When searching for a cookbook, one does not usually find an accompaniment of survival stories along with the recipes. Raisa Stone, author of Baba’s Kitchen: Ukrainian Soul Food, offers just that. With humour and anecdotes laced throughout the recipes, Stone sheds light on survivors of the Nazi and Soviet regimes.
As a child growing up in Winnipeg, Stone started collecting stories on her baba’s knee as well as from her family, friends and neighbours who were European immigrants and refugees. She also developed an affinity for writing at an early age. Her family hailed from Ukraine and her father experienced the terrors of both Stalin and Hitler. In order to cope, many of these survivors turned to humour.
“Ukrainians can make a joke,” says Stone. “Horror and humour are the dark and light of the same thing.”
In the early 2000’s Stone became a professional storyteller and started collecting Ukrainian legends and rewriting them to perform as monologues. Stone became a professional singer in her teens and as she performed, the voice of Baba, the quintessential Ukrainian grandmother emerged.
“Baba talks like every Ukrainian I grew up with. I found that when I was on stage, parts of these stories came out in songs,” says Stone.
Many of her fans have also praised her for nailing the voice of Baba.
Baba’s Kitchen is a humourous lifelong compilation of true survival stories with a side of authentic Ukrainian recipes and a helping of history. In addition, Stone has also included a chapter on folk remedies with cures for ailments such as baldness.
In Baba’s no-nonsense grandmother voice, Stone offered a quick performance of one of the stories in her book. She recounts the outrageous tale of how one woman murdered her abusive husband who had diabetes. The story is shocking at first but is also balanced with humour to make light of the situation while emphasizing the lengths one must go to in order to survive.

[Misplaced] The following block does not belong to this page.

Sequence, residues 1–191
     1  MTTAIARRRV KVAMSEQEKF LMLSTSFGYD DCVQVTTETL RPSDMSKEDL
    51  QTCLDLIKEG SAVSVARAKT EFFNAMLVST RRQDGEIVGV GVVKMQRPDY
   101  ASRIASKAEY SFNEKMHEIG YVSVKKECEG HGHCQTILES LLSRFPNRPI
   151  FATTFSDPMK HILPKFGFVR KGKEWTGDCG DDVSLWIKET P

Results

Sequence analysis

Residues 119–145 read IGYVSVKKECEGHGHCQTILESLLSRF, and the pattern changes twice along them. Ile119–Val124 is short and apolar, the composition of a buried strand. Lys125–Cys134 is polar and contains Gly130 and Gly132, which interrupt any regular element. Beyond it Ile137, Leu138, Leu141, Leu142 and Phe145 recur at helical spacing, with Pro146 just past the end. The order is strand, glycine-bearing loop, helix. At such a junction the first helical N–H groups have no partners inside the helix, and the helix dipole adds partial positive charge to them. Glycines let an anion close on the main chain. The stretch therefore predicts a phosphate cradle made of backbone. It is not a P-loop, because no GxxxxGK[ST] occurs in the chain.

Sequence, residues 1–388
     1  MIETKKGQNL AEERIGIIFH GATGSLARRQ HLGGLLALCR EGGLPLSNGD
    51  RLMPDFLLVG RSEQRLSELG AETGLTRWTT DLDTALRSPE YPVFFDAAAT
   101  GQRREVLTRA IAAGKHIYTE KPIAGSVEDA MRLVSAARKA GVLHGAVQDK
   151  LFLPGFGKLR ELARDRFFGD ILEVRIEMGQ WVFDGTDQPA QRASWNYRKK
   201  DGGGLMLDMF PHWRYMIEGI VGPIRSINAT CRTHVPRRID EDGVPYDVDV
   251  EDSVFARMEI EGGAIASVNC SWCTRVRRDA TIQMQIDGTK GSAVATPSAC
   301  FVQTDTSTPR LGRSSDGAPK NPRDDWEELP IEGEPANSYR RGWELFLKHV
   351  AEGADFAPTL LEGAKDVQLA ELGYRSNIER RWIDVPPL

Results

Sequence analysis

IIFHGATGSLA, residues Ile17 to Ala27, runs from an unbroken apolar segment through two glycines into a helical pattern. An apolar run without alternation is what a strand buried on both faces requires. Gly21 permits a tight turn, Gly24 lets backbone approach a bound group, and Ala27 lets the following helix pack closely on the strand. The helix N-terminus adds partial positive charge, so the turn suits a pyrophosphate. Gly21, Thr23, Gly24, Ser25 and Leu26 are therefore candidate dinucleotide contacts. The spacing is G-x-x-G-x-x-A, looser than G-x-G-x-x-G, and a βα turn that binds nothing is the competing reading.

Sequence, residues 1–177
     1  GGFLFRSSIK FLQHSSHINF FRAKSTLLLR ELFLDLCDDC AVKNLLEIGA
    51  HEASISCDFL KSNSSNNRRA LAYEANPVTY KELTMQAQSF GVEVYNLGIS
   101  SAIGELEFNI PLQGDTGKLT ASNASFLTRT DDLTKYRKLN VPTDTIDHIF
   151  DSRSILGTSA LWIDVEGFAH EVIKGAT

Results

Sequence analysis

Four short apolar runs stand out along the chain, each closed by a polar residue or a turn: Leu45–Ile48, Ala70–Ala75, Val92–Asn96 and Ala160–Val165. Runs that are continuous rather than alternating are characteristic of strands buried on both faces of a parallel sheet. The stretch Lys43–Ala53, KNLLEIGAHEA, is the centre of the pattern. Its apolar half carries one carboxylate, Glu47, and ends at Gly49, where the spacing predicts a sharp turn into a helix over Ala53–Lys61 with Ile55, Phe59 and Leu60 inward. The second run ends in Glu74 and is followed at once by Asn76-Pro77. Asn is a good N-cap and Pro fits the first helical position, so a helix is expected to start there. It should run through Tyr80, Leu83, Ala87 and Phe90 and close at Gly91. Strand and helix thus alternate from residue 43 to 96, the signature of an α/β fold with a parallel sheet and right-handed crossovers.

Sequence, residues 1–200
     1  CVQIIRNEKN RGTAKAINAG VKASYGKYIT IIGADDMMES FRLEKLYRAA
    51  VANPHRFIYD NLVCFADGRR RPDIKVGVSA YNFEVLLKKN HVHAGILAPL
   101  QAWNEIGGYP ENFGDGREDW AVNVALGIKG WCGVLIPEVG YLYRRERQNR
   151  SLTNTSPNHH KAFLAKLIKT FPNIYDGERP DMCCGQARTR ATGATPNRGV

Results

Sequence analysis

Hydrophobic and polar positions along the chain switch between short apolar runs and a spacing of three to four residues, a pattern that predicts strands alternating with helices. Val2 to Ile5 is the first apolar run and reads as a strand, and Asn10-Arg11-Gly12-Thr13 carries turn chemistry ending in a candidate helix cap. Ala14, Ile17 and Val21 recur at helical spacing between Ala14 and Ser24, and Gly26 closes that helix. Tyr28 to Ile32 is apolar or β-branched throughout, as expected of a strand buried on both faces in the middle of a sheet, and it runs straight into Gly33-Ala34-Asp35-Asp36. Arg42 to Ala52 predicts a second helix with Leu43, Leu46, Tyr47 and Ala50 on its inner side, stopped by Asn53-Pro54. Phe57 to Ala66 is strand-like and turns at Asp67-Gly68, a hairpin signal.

The art of cooking
As an avid cook herself, Stone incorporates some fusion into her recipes by introducing substitutes from other cultures. For example, Ukrainian cheese patties are similar to East Indian paneer, and Stone uses these similarities to teach readers shortcuts in cooking.
When asked how she defines Ukrainian soul food, Stone cites a Ukrainian proverb: “without art, there is no life.” This proverb implies that one should delight in creating pleasurable things and happiness. Stone says that cooking is about expressing the soul, which is the same as when she sings, dances, or tells stories.
“Cooking is a creative expression, it feeds other people and it’s important that it satisfies on many levels, like good art,” explains Stone.
Furthermore, Stone emphasizes that cooking is how she shows love to people and that they are welcome.
The recipes in her book are classified by ingredient, with many recipes for eggs, cabbage rolls and mushrooms, to name a few.
“I encourage people to buy locally, organically and from humanely raised animals,” says Stone who is also a professional animal communicator and healer.
Stone says that fans have thanked her for bringing the atrocities faced by many to light in a light-hearted way. Additionally, she has enriched their knowledge of Ukrainian history, thanks to her extensive research.
“I get letters from all over the world saying this is how my family talked and it’s so wonderful that I was talking about the history while making fun of the Nazis and Soviets,” says Stone.
To give the public a taste of Baba and her anecdotes, Stone will be doing a book reading and book signing as well as answering questions and discussing current events in Ukraine. The event will take place at the Vancouver Public Library on Sept. 9 and Sept. 11 at the Central Library and Mount Pleasant Branch, respectively. For more information, please visit www.vpl.ca/calendar/index.php/calendar/progid/47515.
Baba’s Kitchen: Ukrainian Soul Food is available on Amazon and through Stone’s website www.ukrainiansoulfood.ca.